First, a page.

20. I came here via Jonna’s post, and this really is a lovely tribute. I cannot say what I think about what I would do. It troubles me to even think about it, frankly, but I don’t have to at present so I won’t. It does my heart good to hear that everybody has a place that is right for them, and you and your sister have found yours.

  21. For all the talk about children with Down syndrome, the complications are NOTHING like the challenges of having an adult with Down syndrome.

    Is there a link for this farm? This path mirrors some of the ideas that my wife and I have for our son, a three year old with an extra chromosome.

  22. Fantastic post. I too have a son with ‘designer genes’ and I really enjoy reading perspectives from siblings. It sounds like your sister has found an amazing life for herself. I hope that my son has an equally fulfilling opportunity when he is an adult.

  23. Elizabeth, what a beautiful, beautiful post. Thank you. As a parent of a child with Down syndrome (and a child without DS) I am hungry for information from siblings. My mind wanders about their future sometimes (when I let it) and all too often, that word “burden” comes up, and it just breaks my heart. But what you said, you made my heart feel full and teary (in a good way) and inspired and comforted. Thank you, as always for your honesty and candor and eloquence.
    And thank you for sharing your sister with us!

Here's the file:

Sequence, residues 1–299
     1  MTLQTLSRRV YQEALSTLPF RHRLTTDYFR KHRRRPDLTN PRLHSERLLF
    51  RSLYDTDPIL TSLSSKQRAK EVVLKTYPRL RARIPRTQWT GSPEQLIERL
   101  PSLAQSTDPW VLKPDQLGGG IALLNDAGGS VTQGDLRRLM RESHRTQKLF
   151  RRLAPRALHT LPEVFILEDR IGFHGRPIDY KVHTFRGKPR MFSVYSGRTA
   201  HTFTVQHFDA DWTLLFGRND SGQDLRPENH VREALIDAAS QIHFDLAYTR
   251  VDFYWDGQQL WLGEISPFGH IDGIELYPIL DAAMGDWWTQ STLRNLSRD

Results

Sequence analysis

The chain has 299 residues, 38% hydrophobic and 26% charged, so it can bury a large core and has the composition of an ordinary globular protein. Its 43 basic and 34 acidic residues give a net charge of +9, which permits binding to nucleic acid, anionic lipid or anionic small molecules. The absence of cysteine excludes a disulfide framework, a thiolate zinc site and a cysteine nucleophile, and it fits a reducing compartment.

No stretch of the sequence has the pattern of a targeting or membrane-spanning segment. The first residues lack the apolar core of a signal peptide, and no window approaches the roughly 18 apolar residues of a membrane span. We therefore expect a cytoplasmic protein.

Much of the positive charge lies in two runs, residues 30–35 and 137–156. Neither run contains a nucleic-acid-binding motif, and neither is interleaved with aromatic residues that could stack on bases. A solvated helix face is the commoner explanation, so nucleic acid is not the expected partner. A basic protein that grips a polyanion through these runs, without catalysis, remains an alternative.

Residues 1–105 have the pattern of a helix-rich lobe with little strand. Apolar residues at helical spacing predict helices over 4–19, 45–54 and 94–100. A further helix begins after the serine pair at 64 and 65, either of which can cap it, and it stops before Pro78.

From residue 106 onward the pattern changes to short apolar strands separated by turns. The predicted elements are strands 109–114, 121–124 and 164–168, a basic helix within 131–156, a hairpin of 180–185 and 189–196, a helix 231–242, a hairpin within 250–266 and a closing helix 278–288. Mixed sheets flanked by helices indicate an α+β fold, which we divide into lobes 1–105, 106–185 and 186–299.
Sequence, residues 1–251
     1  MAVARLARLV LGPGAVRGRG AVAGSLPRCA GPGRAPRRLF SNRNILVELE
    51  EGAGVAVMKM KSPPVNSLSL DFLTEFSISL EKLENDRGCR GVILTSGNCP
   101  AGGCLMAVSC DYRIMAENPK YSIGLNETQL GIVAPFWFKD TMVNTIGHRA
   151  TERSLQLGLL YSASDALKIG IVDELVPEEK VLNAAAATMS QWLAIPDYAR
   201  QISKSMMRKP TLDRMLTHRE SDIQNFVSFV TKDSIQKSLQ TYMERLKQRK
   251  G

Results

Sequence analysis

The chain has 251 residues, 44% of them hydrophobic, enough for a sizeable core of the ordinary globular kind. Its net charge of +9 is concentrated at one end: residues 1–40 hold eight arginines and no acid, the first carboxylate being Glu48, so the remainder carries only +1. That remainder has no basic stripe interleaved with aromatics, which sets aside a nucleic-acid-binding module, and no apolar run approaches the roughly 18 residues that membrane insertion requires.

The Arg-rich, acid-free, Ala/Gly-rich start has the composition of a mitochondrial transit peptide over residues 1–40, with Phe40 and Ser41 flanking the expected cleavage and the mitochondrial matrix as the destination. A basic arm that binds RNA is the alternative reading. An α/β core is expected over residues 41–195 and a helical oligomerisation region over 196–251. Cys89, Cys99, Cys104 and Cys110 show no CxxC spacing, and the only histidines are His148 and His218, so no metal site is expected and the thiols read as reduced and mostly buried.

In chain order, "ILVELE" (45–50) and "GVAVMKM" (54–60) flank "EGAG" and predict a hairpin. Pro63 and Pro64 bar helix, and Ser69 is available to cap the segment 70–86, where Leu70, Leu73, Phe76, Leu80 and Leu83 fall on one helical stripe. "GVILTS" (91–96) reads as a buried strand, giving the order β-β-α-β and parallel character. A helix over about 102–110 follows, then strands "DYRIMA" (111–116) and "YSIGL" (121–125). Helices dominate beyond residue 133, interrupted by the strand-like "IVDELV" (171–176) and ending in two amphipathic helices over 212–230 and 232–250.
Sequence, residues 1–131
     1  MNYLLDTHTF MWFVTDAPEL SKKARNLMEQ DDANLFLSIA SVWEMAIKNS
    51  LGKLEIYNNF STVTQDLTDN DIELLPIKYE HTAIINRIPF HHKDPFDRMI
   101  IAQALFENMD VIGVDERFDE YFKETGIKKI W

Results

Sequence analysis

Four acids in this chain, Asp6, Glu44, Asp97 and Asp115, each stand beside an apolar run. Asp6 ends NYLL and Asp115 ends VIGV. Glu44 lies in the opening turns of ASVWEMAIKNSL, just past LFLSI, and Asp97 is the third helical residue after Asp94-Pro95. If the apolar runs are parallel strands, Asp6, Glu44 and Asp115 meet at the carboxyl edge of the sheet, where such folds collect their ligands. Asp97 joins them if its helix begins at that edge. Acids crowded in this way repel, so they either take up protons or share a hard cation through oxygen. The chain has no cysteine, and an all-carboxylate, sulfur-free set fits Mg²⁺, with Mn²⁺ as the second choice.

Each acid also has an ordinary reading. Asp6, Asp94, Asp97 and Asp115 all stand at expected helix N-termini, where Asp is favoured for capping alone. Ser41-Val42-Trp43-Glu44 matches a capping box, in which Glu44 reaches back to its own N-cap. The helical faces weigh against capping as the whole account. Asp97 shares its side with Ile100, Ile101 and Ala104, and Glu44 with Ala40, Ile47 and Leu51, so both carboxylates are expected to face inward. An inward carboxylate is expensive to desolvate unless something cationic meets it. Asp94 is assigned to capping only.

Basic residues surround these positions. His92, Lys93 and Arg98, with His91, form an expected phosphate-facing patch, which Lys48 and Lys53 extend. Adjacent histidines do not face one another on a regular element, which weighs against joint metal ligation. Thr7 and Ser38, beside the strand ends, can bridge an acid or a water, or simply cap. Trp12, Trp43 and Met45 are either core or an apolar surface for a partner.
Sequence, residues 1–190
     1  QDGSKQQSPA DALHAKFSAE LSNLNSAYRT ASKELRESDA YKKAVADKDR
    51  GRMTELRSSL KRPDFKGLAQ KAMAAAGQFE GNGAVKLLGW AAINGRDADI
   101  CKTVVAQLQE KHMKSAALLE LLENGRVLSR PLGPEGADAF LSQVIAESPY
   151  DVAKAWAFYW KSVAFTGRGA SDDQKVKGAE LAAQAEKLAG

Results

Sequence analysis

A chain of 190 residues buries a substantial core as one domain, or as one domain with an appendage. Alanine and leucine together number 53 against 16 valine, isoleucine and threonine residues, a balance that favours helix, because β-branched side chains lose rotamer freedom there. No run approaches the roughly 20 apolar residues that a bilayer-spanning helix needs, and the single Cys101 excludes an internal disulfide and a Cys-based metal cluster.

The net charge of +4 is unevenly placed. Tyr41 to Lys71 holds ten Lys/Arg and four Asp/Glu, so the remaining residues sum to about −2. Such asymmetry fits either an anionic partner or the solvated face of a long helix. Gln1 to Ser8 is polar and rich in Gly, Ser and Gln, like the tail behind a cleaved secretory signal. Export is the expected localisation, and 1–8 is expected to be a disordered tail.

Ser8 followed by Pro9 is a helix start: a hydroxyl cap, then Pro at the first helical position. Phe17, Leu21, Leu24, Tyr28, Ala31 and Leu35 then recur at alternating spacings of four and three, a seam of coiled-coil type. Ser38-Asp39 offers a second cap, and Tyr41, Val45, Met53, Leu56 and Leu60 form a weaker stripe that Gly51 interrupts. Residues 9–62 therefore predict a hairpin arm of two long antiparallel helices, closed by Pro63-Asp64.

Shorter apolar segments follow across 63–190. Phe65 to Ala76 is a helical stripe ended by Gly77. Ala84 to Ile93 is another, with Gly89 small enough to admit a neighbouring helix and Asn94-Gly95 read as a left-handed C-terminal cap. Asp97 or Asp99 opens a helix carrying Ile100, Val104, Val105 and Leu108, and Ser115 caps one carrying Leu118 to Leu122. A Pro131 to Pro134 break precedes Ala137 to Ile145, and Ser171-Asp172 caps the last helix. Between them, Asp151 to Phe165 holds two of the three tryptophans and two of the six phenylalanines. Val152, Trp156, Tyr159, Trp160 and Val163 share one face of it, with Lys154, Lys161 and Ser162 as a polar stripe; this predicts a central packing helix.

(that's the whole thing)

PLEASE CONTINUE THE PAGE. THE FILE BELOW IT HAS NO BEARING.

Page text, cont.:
PS. I think I want to live on that farm too. 🙂

  24. I came here via Jonniker and just had to say that this is a great post. Wonderfully written and inspiring and beautiful.

    Lovely picture. Thank you so much for sharing all of it.

  25. We had the testing done while I was pregnant not so we could find out and terminate, but so it would give us enough time to educate ourselves on everything we’d need to know once the baby was born. People thought because we DID get the tests it was because we wouldn’t keep the pregnancy but oh how wrong they were.

    Great article and I’m so happy your sister is in a such a fabulous place, both physically and emotionally.

  26. Where is this place- did your family design it or did it pre-exist? Stopping by from 31 for 21 and loving what I read!

  27. Annie is beautiful. And you are a beautiful sister, just the kind I’d like my own daughter to grow up to be.

    With love from,
    A mom to three kids, the oldest of whom has Down syndrome

  28. Wow, you’ve got an amazing sister. She’s lovely. Thank you for sharing.

  29. […] (and if you’re wondering why I feel so strongly about t his, you can read this, or this, or this.)  Any thing else, I’m good with, and we can work out while we drink our chilled red […]

  30. This is a beautiful post. I am so glad you shared it. 🙂